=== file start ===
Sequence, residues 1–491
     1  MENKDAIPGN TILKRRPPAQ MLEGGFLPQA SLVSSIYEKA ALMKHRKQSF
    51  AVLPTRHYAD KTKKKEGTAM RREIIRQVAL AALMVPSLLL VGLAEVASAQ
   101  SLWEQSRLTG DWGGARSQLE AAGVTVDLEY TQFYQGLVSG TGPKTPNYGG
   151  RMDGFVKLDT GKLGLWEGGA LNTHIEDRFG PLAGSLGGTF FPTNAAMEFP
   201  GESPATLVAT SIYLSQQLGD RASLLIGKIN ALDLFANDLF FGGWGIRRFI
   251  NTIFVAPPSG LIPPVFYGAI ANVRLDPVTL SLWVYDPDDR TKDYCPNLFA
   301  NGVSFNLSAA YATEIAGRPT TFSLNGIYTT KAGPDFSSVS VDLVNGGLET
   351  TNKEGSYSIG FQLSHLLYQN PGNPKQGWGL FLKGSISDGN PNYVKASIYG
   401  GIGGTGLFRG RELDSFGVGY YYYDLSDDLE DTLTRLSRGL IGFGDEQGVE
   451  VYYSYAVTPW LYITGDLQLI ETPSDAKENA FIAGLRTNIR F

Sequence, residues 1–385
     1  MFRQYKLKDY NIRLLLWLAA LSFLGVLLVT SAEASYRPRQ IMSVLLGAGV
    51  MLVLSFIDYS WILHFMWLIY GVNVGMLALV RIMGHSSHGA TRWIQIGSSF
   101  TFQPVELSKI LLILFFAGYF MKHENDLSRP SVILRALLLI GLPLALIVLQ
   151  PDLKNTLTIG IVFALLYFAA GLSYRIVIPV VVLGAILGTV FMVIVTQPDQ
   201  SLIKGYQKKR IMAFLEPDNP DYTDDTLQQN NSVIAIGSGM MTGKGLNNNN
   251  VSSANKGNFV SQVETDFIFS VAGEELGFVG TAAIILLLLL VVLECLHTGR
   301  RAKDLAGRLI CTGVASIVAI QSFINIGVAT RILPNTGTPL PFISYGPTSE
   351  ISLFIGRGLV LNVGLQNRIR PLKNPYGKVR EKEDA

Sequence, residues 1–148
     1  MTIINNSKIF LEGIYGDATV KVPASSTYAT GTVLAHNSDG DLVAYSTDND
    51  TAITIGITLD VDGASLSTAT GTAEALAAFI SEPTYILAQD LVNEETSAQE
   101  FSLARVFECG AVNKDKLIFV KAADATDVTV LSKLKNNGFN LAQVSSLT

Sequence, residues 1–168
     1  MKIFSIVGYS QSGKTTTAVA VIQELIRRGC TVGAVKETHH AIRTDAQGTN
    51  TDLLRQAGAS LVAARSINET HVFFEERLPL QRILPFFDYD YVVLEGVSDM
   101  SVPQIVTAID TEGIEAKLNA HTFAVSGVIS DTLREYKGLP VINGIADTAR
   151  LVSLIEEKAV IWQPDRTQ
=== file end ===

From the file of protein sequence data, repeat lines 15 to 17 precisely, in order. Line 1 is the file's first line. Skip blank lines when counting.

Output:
   101  TFQPVELSKI LLILFFAGYF MKHENDLSRP SVILRALLLI GLPLALIVLQ
   151  PDLKNTLTIG IVFALLYFAA GLSYRIVIPV VVLGAILGTV FMVIVTQPDQ
   201  SLIKGYQKKR IMAFLEPDNP DYTDDTLQQN NSVIAIGSGM MTGKGLNNNN